In New Hampshire, many planned communities are managed by a homeowners association (HOA). The laws governing HOAs in New Hampshire are set forth by various local and federal regulations, as well as by each individual HOA’s governing documents.
Who Regulates HOAs in New Hampshire?
In New Hampshire, HOAs are not regulated by any specific regulations. Usually, HOAs are organized as voluntary corporations, which are regulated by Chapter 292 of the New Hampshire Statutes. This act governs all corporations and nonprofit corporations.
Otherwise, governing documents regulate an HOA. Although every HOA is different, the governing documents typically include: Articles of Incorporation, Bylaws, Declaration of Covenants, Conditions and Restrictions, and other rules and regulations.
HOAs in New Hampshire may be subject to applicable federal laws such as:
HOAs may be subject to certain state laws such as:
- New Hampshire Unit Ownership of Real Property Act
- New Hampshire Condominium Act
- New Hampshire Voluntary Corporations and Associations Act
- New Hampshire Law Against Discrimination
How to Find HOA Regulations in New Hampshire
Individuals in New Hampshire will be able to find HOA documents and regulations through the New Hampshire Department of State. The public will be able to search for corporation information and corporation documents, such as the association’s articles of incorporation.
To locate relevant HOA information, enter the legal name of the subdivision or community.
HOA Powers in New Hampshire
In New Hampshire, HOAs that oversee condos have the power to:
- Regulate common areas
- Collect charges for the maintenance of common areas
- Collect payments for common assessments
- Levy reasonable fines
- Foreclose on a home for unpaid liens
HOA powers are outlined in its governing documents. Additionally, HOA governing documents can grant further powers such as restrictions on membership, exterior paint colors, fencing, and parking requirements.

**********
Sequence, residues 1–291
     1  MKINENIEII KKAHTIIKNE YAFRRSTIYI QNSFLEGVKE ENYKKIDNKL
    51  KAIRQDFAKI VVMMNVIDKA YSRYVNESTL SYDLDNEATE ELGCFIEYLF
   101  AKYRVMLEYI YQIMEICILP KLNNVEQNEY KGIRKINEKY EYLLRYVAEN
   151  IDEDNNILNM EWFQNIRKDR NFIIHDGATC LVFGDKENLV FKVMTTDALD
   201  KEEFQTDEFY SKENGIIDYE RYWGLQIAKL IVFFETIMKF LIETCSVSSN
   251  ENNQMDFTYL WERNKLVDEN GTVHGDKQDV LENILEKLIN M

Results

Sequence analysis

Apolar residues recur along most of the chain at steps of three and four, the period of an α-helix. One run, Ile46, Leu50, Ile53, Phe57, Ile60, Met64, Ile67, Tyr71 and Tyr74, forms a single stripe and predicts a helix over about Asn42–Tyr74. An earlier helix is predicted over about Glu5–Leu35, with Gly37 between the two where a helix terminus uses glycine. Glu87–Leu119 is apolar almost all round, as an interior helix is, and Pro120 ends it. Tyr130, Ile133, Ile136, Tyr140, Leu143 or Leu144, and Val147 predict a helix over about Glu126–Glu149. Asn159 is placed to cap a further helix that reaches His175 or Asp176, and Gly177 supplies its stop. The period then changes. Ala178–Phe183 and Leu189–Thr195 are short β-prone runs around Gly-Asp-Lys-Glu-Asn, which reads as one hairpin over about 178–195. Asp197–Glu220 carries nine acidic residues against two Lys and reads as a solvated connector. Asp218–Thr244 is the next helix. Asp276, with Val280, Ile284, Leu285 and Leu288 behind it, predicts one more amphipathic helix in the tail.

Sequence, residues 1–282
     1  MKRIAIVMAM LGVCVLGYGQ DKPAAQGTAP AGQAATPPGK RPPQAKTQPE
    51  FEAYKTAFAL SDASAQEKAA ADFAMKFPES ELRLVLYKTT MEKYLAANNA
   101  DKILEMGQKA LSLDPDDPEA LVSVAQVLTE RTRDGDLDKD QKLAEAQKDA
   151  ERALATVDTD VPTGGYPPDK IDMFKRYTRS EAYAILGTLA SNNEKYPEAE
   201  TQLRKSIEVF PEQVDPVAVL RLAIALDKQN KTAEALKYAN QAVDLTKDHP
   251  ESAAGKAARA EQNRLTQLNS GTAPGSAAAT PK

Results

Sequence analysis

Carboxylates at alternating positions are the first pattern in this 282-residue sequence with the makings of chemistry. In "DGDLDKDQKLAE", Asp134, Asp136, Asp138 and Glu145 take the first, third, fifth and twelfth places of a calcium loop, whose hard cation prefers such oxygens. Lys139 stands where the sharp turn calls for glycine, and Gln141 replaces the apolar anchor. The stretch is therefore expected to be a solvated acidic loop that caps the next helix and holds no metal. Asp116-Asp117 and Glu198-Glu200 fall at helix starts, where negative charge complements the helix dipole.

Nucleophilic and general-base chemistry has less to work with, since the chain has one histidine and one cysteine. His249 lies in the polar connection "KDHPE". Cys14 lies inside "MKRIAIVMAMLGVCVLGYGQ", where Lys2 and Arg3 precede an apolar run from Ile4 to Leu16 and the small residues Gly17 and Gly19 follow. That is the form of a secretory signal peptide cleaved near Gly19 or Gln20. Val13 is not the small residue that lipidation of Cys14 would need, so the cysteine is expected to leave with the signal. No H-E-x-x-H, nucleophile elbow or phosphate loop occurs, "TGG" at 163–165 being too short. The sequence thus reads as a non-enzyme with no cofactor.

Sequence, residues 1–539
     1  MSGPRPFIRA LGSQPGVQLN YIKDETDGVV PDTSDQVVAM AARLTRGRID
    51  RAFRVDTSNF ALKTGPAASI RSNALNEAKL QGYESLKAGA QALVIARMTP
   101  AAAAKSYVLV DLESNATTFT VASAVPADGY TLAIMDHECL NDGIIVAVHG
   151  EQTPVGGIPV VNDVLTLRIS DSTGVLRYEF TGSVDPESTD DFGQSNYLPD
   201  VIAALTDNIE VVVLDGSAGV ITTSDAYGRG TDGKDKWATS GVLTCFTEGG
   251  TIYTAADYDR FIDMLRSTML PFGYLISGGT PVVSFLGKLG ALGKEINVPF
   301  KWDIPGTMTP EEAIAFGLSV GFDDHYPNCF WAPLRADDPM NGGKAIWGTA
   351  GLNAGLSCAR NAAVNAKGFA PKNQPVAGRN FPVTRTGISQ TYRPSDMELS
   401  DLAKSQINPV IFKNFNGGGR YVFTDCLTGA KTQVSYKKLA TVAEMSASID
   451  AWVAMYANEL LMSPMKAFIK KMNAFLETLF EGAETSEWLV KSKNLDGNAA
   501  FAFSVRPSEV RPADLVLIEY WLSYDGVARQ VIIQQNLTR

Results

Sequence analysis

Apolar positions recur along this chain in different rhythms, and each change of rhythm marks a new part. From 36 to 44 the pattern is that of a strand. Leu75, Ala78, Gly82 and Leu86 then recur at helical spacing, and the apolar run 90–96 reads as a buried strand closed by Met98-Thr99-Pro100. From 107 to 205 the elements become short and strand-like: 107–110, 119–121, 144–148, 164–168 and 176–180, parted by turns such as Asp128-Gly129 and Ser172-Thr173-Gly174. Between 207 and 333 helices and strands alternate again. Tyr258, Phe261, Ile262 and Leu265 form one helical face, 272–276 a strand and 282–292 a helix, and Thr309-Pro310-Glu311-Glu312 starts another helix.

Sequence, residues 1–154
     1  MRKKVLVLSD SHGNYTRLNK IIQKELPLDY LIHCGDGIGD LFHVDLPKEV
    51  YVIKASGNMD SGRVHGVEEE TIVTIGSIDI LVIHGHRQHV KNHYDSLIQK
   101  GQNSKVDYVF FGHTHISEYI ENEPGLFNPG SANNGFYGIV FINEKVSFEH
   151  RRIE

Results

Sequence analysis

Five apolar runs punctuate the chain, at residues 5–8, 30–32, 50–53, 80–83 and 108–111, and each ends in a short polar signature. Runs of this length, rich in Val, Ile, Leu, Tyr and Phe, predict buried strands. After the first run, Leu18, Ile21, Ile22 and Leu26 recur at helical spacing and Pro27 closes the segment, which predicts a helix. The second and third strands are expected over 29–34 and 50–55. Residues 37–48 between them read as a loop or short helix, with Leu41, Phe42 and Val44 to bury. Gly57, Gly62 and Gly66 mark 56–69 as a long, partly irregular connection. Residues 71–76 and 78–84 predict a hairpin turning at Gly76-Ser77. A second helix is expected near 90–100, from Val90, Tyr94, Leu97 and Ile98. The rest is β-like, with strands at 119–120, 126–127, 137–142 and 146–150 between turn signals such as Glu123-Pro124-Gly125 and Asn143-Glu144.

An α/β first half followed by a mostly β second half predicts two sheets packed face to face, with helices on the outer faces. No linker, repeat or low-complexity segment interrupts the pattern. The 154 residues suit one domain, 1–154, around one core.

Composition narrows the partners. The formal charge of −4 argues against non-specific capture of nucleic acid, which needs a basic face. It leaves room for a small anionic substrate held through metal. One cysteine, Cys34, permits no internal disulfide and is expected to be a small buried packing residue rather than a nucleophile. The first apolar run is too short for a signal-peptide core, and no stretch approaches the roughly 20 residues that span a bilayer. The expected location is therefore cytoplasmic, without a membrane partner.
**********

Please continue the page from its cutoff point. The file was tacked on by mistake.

Can an HOA Impose Fines on a Homeowner in New Hampshire?
There is no state provision in New Hampshire mentioning an HOA imposing fines on a homeowner. Types of fines, amounts, and notice requirements can be found in the HOA’s governing documents.
Certain HOA property types, such as condos, can impose fines for the maintenance of common elements, assessments, and violations of the HOA rules. Before a fine can be imposed, homeowners must be provided a notice and an opportunity to be heard.
An HOA cannot fine a homeowner for (or generally prohibit) displaying the American flag consistent with federal law and installing satellite dishes and antennas.
Can an HOA Take a Homeowner’s House in New Hampshire?
There is no state statute governing whether an HOA can take a homeowner’s house in New Hampshire. If, when, and how an HOA would take a homeowner’s house is listed in the HOA’s governing documents.
In most places, HOAs have the power to impose fine assessments for the repair of common areas and other items. If a homeowner falls behind on payment, the HOA can take legal action by getting a lien on the property. If a lien has been imposed, the HOA may foreclose.
There is also no provision regarding an HOA’s power to evict a homeowner or tenant. However, if an HOA directly leases a residence to a tenant, they may be able to evict the tenant.